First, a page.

Call of Duty: MW2 Vs MW3 – Should You Buy?

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Developer Sledgehammer game takes the reins for Call of Duty Modern Warfare 3 after Infinity Ward launched Modern Warfare 2 in 2022. On the surface, both games feel quite familiar. Fairly, put all remakes side by side, and you won’t notice the difference between every Modern Warfare iteration til 2023.

With euphoric praise from reviewers and many mixed responses from veterans of the franchise. Modern Warfare 3 banks on the nostalgia of the classic Modern Warfare franchise, and it takes a step further with all the new microtransactions added into the mix. While both games look familiar on the surface, MW2 vs MW3–which is better? Is Sledgehammer’s MW3 worth it?

Call of Duty: MW2 vs MW3 – Map Roster

Players were introduced to a roster of new maps in Modern Warfare 2 with a few familiar maps making their way into the game. These maps were divided into Core 6v6 and Ground War maps. The Call of Duty community had major complaints regarding the maps for MW2 and exceedingly demanded the return of Shipment 24/7. Player count started to dwindle, and Infinity Ward gave in to community demands.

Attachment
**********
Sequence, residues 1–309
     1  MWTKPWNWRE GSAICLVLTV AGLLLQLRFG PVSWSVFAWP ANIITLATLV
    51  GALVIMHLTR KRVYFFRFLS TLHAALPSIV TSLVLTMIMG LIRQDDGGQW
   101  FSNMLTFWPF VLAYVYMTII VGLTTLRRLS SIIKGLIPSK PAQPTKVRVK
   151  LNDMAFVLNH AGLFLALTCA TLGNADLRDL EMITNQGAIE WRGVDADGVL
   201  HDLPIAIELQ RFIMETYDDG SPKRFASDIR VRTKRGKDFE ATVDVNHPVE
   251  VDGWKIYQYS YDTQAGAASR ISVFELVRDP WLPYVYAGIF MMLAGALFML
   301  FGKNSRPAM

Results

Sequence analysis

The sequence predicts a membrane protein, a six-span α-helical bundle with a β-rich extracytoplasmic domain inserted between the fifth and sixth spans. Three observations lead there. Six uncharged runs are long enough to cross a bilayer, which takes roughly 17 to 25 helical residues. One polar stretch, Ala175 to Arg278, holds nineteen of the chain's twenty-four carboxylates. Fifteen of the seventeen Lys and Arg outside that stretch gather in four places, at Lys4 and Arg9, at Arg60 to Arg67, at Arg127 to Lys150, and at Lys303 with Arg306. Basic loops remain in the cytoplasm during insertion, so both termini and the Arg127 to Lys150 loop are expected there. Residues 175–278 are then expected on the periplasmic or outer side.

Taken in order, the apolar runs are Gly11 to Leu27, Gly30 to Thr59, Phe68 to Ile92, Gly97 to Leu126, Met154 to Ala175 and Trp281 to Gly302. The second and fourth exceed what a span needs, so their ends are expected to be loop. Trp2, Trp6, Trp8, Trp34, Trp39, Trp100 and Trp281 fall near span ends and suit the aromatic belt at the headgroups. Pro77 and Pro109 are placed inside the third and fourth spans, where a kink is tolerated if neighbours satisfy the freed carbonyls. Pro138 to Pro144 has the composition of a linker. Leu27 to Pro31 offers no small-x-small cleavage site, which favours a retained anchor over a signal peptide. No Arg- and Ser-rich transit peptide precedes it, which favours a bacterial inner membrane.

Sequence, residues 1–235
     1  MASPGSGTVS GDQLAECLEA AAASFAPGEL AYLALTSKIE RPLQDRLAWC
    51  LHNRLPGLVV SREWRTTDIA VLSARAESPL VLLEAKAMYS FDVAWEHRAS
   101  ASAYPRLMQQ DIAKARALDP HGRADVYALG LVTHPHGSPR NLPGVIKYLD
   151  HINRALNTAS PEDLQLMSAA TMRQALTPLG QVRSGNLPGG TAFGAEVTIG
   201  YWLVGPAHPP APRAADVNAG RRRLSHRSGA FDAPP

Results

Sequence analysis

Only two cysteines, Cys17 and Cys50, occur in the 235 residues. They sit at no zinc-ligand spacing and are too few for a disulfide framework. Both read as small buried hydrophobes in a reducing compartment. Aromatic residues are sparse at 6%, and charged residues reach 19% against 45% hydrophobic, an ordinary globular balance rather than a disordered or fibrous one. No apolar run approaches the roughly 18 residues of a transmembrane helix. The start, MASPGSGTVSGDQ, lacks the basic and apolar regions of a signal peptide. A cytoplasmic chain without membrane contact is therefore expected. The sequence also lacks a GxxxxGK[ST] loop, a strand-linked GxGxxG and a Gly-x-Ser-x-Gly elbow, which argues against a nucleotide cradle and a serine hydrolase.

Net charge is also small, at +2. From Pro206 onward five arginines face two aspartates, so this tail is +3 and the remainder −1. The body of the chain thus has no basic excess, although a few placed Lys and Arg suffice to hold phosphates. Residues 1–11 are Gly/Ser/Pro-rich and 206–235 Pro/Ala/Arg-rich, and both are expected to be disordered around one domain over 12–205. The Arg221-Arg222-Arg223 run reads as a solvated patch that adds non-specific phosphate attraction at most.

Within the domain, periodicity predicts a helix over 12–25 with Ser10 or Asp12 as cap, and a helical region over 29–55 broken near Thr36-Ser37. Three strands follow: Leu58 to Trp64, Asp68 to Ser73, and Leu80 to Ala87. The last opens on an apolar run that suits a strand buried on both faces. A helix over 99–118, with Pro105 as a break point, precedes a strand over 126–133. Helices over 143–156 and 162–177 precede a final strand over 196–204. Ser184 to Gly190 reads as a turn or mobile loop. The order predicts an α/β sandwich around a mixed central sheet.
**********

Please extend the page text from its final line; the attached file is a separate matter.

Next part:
Hoping to reap nostalgia, Modern Warfare 3 announced a few maps that were worth the salt. Players were treated to a roster of remade maps that were previously featured in Modern Warfare 2 (2009) These maps consist of Rust, Highrise, and Favela.

Call of Duty: MW2 vs MW3: Movement Mechanics

Improved Movement Mechanics in Call of Duty Modern Warfare 3

The movement mechanics in Modern Warfare 3 have spurred a bit of controversy in the COD community. COD was always about grounded, realistic gameplay, but with the trend of fast-paced shooters on the rise, Sledgehammer has tweaked the movement and weapon mechanics a bit.

While vaulting or climbing walls was a tad bit tedious in MW2, and readjustment was a bit of a problem. But that has changed in MW3. Even without boots equipped, you can quickly vault over any obstacle with faster and smoother traversal.